For some time now, prominent economists have warned that the only way to break the fever of inflation would be by pumping up unemployment–in other words, by triggering a recession. Former Treasury Secretary Lawrence Summers, for example, predicted last summer that we would need five years of unemployment above 5 percent. Against that backdrop, every strong jobs report came to seem, perversely, like bad news–an omen of greater financial pain to come.
And yet according to the most recent official numbers, inflation has cooled significantly since last summer, even as the unemployment rate has remained low. Inflation so far seems to be conquerable without throwing millions of Americans out of work. A recession is looking less and less likely, let alone necessary. So where did the doomsayers go wrong?
The idea that a recession was needed to cure inflation was based on a very specific premise: The labor market was too tight. Throughout the first two years of the pandemic, employers struggled to hire as many workers as they wanted, and this drove wages up at an unsustainable speed. Unsustainable is the key qualifier here. Although we normally celebrate wage growth, it can spark dangerous inflation if it happens too much, for too long. This can happen two ways. First, when employers must pay workers more, they pass that cost on to customers through higher prices. Second, if companies can’t hire enough workers, they may not be able to make as much stuff as customers are demanding. With too much money chasing after not enough goods, prices rise even further.
Summers and others saw a recession as the only cure for this situation because they believed the economy was essentially out of workers. Unemployment wasn’t literally zero, but economists typically think of unemployment as having a lower bound below which a lack of workers leads to accelerating wage growth and inflation. Historically speaking, 3.5 percent unemployment is a very low rate, and so many economists concluded that we must be near that lower bound. The only way to cool the labor market in that case would be to get firms to want fewer workers. The main way the government does this is by raising interest rates. As it becomes more expensive to borrow money, demand for goods and services wanes, and employers don’t need as many workers. Given the level of imbalance in the labor market by 2022, this in all likelihood meant hiking interest rates until we tipped into a recession.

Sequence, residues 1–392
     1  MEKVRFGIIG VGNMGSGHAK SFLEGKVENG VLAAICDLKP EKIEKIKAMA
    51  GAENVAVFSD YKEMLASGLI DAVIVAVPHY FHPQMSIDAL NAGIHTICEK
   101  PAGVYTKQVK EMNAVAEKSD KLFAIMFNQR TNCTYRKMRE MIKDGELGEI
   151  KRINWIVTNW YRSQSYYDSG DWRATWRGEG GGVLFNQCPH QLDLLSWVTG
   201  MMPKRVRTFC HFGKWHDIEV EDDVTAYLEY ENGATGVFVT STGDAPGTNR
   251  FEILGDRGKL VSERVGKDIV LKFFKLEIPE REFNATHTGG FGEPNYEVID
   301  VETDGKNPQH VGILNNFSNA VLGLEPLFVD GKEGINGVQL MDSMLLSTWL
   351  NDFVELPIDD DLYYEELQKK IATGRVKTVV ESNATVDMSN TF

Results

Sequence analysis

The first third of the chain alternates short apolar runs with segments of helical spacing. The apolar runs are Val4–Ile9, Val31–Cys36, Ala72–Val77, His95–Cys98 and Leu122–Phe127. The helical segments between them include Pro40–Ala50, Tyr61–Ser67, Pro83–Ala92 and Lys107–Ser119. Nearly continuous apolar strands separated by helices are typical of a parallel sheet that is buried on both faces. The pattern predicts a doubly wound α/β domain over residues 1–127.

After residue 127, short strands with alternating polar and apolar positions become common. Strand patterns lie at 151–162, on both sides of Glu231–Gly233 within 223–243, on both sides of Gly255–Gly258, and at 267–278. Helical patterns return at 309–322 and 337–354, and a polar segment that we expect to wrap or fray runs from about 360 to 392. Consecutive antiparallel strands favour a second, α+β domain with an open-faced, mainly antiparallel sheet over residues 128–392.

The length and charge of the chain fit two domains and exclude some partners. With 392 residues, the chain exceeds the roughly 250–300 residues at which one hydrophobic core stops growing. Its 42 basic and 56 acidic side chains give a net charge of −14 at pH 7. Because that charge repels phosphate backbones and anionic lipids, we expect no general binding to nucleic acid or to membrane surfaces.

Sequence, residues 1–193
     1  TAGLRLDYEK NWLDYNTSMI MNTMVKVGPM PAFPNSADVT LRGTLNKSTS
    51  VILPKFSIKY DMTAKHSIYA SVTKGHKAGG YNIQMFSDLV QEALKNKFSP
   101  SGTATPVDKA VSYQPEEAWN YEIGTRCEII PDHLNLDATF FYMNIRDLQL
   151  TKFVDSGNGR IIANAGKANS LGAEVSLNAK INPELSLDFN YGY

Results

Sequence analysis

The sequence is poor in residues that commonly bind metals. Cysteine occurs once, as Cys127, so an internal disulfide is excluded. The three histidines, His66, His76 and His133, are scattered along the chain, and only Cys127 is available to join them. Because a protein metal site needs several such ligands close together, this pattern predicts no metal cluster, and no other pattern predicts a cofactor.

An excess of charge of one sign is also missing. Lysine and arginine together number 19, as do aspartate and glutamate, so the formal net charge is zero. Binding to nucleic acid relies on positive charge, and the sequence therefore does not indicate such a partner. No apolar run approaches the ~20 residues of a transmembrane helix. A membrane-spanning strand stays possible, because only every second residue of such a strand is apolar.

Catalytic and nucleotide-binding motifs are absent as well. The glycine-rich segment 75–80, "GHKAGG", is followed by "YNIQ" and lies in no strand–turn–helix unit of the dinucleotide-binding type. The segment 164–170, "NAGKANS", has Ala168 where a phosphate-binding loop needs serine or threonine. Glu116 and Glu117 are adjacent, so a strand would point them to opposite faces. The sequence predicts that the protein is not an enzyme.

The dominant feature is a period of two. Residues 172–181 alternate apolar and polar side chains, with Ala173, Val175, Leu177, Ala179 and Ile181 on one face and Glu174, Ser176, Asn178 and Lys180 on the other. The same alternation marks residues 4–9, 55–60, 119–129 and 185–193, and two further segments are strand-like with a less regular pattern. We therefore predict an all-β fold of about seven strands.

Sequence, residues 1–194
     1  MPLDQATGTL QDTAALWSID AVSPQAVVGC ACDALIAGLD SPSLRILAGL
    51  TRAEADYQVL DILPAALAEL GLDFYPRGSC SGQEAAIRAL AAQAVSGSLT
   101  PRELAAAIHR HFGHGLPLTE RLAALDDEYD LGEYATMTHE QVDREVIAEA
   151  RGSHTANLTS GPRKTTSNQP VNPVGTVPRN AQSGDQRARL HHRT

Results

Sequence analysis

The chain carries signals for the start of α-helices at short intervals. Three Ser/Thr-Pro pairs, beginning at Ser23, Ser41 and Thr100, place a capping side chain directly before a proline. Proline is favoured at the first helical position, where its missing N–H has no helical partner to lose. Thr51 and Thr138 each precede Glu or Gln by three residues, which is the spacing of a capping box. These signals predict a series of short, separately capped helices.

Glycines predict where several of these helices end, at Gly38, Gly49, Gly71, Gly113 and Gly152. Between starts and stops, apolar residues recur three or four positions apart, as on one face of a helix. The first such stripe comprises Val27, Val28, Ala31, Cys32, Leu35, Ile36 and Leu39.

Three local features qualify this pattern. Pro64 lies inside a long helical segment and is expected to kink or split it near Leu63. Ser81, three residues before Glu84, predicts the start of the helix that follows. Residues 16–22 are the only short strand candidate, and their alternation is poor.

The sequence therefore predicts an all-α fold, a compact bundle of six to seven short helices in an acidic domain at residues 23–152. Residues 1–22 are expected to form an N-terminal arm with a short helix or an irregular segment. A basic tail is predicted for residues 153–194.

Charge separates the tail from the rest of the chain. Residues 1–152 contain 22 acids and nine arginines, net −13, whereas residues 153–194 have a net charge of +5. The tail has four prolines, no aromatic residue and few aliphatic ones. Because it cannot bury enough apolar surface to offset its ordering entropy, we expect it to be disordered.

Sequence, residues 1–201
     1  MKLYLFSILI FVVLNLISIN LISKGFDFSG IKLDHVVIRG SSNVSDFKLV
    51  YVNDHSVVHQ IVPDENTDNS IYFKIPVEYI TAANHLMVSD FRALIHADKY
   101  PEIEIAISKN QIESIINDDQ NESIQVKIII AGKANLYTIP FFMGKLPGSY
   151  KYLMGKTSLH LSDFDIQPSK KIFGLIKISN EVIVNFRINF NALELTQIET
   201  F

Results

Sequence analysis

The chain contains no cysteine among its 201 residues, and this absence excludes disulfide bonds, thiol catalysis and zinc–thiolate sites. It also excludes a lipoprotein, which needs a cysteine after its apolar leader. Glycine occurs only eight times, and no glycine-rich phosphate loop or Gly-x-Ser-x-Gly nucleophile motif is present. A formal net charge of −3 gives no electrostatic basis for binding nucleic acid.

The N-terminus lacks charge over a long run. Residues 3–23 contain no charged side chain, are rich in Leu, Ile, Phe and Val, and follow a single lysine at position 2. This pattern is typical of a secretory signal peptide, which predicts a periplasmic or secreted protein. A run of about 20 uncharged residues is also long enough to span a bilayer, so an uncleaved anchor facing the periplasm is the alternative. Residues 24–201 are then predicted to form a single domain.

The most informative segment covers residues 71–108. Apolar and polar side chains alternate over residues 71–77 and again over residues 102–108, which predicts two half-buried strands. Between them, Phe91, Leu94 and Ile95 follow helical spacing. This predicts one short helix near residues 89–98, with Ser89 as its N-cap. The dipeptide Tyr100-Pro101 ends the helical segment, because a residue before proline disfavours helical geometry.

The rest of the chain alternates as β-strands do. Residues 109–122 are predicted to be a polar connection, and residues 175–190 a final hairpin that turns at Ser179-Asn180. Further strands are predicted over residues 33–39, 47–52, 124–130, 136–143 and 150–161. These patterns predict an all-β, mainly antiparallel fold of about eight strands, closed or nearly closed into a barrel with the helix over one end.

This argument only makes sense, however, if we treat the official unemployment rate as an accurate measure of the number of available workers. Summers and other economists predicting a recession believed that there were no more potential workers who would be coaxed into the labor market by better opportunities. In a paper released last year, Summers concluded that “the majority of the employment shortfall will likely persist moving forward.”
But the unemployment rate doesn’t really capture everyone who doesn’t have a job; it excludes people who aren’t looking for work at all. This dividing line makes sense for retired people, full-time students, and others who genuinely don’t want work–it wouldn’t make sense to call these people unemployed. But retirees and students are not the only adults who are out of the labor force. There are also people who might want a job if the opportunities were good enough. Potential workers like these are precisely who could help alleviate labor-market pressures. More people entering the labor force would mean more workers to fill job openings.
The most recent economic data make clear that the unemployment rate was significantly undercounting the pool of available workers. Even as the official number remains pinned to historical lows, 4 million workers have found jobs over the past year. The labor market was in better shape than many experts thought. Inflation and wage growth have both been slowing down. This did not require a multiyear span of high unemployment, as Summers suggested; to the contrary, the economy keeps adding jobs.
In the context of an unprecedented global pandemic, economists–myself included–are sure to get things wrong. But it’s important to note that we have seen this particular mistake before. After the Great Recession, many economists believed that the share of people who simply wouldn’t work had permanently increased. The supposed reasons were as varied as health problems and the high quality of video games. And yet, as the recovery progressed, more and more people returned to work, disproving the labor-market pessimists year after year. Wages rose at a pace that delivered real improvements in standards of living, but without inflationary pressure.
The fact that many leading economists seem drawn to excessively pessimistic views about the labor market is a problem. If the Summers perspective had carried the day, the Federal Reserve might have felt compelled to plunge the country into a recession, causing massive avoidable suffering. The good news is that, moving forward, the continued improvements in labor supply bode well for the chances of a soft landing. The share of prime working-age adults who are employed remains below its peak in the late 1990s, meaning the workforce still has room to grow. This is not to credit labor supply entirely for the slowdown in inflation, or to suggest that we could have gotten here without rate hikes to curb demand. Inflation is still higher than it should be, and in an era of nonstop economic surprise, any forecast must be made with a heavy dose of humility. But the more work that supply does, the less work demand needs to do–and the less risk that the Fed will need to push the economy into recession in order to whip inflation.